Jug and Candle – Daily Painting

Jug and Candle – watercolor on paper

What a week – busy on all fronts, from doing an illustration project for a client (oil painting to be posted soon) to a sudden out of town business trip. The night before my Saturday watercolor class I had barely enough time to set up a quick still life to paint from. I am so used to painting in color that I am definitely out of my comfort zone working in black and white. No matter, I’m happy to do it. Next week some of us who are a bit more experienced are assigned to do another one of these studies and bring it in matted, along with several practice landscapes.


  1. Renate
    February 4, 2007

    It looks great. I like all the reflections.

  2. Casey
    February 5, 2007

    The candlestick absolutely glows – even without color!

  3. andrea
    February 5, 2007

    It’s lovely and serene Karen. The first moment I saw this series of objects I thought ‘peace’. Don’t know why.

  4. hfm
    February 5, 2007

    Karen, a very good one. I’m now attending watercolors classes for beginners, obviously, today I have put one at my blog.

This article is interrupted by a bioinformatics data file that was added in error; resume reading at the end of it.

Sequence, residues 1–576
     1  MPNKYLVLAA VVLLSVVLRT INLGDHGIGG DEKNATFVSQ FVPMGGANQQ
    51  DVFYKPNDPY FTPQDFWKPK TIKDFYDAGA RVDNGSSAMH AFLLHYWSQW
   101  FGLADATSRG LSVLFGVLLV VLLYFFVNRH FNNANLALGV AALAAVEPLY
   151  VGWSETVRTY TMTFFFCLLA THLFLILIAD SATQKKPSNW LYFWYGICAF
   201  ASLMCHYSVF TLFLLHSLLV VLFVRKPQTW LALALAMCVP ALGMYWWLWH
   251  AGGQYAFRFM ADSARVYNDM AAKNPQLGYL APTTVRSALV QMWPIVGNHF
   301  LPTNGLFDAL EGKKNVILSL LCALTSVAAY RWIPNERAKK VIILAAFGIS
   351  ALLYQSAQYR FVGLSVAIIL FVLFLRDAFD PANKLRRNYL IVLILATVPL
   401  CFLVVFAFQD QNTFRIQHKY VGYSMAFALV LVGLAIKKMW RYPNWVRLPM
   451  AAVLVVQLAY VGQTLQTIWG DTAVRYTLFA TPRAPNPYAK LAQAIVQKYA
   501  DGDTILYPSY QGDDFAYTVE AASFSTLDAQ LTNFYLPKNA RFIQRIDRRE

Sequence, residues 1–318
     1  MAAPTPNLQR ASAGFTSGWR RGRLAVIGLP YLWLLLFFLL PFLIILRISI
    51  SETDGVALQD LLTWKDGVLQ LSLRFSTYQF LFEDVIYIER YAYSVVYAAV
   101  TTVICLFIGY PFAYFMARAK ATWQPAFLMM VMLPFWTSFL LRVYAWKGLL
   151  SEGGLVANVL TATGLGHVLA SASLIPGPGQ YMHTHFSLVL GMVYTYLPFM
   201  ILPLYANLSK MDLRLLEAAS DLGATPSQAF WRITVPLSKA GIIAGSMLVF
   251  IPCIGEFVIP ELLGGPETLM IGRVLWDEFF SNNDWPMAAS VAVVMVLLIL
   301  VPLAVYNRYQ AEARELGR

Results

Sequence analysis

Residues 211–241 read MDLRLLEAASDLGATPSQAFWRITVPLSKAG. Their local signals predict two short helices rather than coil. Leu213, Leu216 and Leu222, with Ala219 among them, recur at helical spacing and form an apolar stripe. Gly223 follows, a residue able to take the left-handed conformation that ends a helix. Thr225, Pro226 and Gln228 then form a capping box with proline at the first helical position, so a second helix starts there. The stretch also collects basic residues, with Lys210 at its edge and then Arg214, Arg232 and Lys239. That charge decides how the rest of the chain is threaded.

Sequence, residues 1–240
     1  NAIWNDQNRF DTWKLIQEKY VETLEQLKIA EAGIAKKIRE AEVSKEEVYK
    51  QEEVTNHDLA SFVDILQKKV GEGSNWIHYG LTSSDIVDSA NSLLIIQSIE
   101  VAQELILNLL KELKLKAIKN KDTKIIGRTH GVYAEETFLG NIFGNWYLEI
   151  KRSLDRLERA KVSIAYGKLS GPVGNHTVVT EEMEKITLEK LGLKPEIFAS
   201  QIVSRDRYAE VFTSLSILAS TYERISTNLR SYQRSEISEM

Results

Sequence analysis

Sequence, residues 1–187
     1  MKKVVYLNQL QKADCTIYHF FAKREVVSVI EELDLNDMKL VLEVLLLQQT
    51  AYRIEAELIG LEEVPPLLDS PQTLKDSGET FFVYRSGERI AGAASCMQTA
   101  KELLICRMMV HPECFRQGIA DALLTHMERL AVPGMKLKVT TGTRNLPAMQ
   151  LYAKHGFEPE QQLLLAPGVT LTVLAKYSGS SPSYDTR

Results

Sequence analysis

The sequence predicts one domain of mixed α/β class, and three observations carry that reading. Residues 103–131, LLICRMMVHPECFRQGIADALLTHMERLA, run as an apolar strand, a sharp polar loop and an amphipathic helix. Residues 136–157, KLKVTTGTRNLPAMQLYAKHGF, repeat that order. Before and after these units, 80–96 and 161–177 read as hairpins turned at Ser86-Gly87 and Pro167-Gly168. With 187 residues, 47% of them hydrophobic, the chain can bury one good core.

5. Linda
    February 5, 2007

    Karen — what a great watercolor value study this is! That is something I’ve not done — the value study in watercolor (I always use pencil / marker). This is really super!

  6. wagonized
    February 5, 2007

    I love your treatment of black and white. The shiny spot on the jug drew me in. Beautiful!

  7. wendy
    February 5, 2007

    I bet you were itching to use colour on those familiar objects so it was a good task to only use black and white. Like others have said, the reflections are great.

  8. Karen
    February 5, 2007

    Wendy, yes I was definitely chomping at the bit. I SO wanted to use color, especially on the sunflower, but you gotta play by the rules. But nothing says I can’t paint it again in color – in watercolor or oil, maybe both. Thanks to all who commented

  9. jules
    February 12, 2007

    Karen I love these black and white studies that you have done – beautifully ‘contrasty’. They appeal to me in the way that Black and white photos do. Somehow you look at the subject in a different way when viewing the black and white painting or photograph than you would if you were seeing it in colour. Jules

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